Most of the action in British coins is now found in auctions.
And auctions of better British coins now take place year round, a marked departure from a decade ago when the major action for British collectors was in London’s annual COINEX show.
British gold coin collectors with a taste for hammered and earlier milled coinage had their opportunity a year ago, on Aug. 13, 2013, during the American Numismatic Association World’s Fair of Money in Rosemont, Ill.
That’s when Stack’s Bowers Galleries auctioned the Thos. H. Law Collection of gold coins. A highlight of that auction was a chance to buy examples of each of the four available types of Henry VII fine sovereigns (the fifth is a museum-only piece) with the exceptionally rare Type I coin selling for a total of $499, 375.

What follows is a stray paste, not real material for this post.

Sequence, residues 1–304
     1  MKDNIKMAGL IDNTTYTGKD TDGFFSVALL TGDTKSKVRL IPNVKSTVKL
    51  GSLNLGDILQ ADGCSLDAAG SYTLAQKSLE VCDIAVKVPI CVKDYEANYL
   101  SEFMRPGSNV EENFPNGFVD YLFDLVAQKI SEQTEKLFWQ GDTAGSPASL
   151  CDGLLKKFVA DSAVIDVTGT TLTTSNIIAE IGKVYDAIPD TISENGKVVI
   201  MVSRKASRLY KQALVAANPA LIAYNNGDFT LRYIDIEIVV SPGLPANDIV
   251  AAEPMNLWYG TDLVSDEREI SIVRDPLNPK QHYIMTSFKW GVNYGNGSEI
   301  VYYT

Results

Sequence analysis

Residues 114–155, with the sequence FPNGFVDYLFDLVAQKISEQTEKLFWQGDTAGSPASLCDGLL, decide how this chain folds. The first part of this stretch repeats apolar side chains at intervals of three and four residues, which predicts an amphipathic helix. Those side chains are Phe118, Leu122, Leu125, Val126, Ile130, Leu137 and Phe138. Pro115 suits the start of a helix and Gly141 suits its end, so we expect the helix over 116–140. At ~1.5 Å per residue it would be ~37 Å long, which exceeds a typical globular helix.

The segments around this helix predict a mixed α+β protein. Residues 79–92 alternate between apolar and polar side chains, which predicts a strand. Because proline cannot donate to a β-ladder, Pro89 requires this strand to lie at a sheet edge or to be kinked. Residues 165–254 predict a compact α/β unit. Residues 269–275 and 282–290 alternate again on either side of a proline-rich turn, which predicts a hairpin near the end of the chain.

A unique silver Anglo-Saxon coin of Aethelberht II with his name and title spelled out went for more than $130,000 in an early June 2014 London sale at DNW.
In March 2014 Spink sold a pattern of Charles II, Thomas Simon’s Reddite (“Render…”) crown, the finest known example, for more than $600,000 (£330,00 plus commission).
Another example of the same issue, reputedly the second finest, was sold by St. James’s Auctions just over a year earlier for $150,000 (£80,000 plus commission).
That the finest known example could sell for four times the amount the second finest brought reflects the premium on quality that British buyers are currently willing to pay, a reality familiar to American collectors seeking only the finest possible.
The British market has been strong for several years, a reflection of increased interest in Britain in its own coinage, as well as the continued dedication of American collectors to the series.